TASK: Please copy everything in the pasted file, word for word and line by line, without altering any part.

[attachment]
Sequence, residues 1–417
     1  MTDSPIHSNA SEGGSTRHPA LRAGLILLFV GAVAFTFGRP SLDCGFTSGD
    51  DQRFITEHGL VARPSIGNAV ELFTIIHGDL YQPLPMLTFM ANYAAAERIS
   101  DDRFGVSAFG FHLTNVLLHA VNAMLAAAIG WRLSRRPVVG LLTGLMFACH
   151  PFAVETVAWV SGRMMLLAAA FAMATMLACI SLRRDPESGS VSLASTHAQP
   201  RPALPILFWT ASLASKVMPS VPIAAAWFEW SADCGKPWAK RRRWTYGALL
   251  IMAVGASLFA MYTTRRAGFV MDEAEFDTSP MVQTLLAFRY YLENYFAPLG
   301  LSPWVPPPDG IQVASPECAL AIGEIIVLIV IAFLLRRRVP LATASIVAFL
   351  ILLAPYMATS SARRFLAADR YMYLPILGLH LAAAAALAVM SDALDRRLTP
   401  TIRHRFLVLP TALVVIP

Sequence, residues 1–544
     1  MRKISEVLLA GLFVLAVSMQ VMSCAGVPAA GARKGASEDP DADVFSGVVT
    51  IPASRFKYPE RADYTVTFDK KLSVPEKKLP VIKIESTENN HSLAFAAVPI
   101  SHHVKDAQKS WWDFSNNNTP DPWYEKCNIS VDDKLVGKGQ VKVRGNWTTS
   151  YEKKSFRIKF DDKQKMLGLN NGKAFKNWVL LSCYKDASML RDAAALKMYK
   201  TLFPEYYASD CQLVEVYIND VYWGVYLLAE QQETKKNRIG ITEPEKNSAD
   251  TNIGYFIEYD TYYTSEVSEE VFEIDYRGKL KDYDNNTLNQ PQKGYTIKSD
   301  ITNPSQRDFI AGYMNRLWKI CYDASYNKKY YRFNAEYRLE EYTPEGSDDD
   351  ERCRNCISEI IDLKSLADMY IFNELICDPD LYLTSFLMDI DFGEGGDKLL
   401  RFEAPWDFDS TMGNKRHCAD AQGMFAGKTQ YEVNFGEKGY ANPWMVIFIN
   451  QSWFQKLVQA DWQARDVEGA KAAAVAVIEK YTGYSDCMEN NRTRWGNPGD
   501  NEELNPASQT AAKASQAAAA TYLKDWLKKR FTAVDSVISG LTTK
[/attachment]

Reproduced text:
Sequence, residues 1–417
     1  MTDSPIHSNA SEGGSTRHPA LRAGLILLFV GAVAFTFGRP SLDCGFTSGD
    51  DQRFITEHGL VARPSIGNAV ELFTIIHGDL YQPLPMLTFM ANYAAAERIS
   101  DDRFGVSAFG FHLTNVLLHA VNAMLAAAIG WRLSRRPVVG LLTGLMFACH
   151  PFAVETVAWV SGRMMLLAAA FAMATMLACI SLRRDPESGS VSLASTHAQP
   201  RPALPILFWT ASLASKVMPS VPIAAAWFEW SADCGKPWAK RRRWTYGALL
   251  IMAVGASLFA MYTTRRAGFV MDEAEFDTSP MVQTLLAFRY YLENYFAPLG
   301  LSPWVPPPDG IQVASPECAL AIGEIIVLIV IAFLLRRRVP LATASIVAFL
   351  ILLAPYMATS SARRFLAADR YMYLPILGLH LAAAAALAVM SDALDRRLTP
   401  TIRHRFLVLP TALVVIP

Sequence, residues 1–544
     1  MRKISEVLLA GLFVLAVSMQ VMSCAGVPAA GARKGASEDP DADVFSGVVT
    51  IPASRFKYPE RADYTVTFDK KLSVPEKKLP VIKIESTENN HSLAFAAVPI
   101  SHHVKDAQKS WWDFSNNNTP DPWYEKCNIS VDDKLVGKGQ VKVRGNWTTS
   151  YEKKSFRIKF DDKQKMLGLN NGKAFKNWVL LSCYKDASML RDAAALKMYK
   201  TLFPEYYASD CQLVEVYIND VYWGVYLLAE QQETKKNRIG ITEPEKNSAD
   251  TNIGYFIEYD TYYTSEVSEE VFEIDYRGKL KDYDNNTLNQ PQKGYTIKSD
   301  ITNPSQRDFI AGYMNRLWKI CYDASYNKKY YRFNAEYRLE EYTPEGSDDD
   351  ERCRNCISEI IDLKSLADMY IFNELICDPD LYLTSFLMDI DFGEGGDKLL
   401  RFEAPWDFDS TMGNKRHCAD AQGMFAGKTQ YEVNFGEKGY ANPWMVIFIN
   451  QSWFQKLVQA DWQARDVEGA KAAAVAVIEK YTGYSDCMEN NRTRWGNPGD
   501  NEELNPASQT AAKASQAAAA TYLKDWLKKR FTAVDSVISG LTTK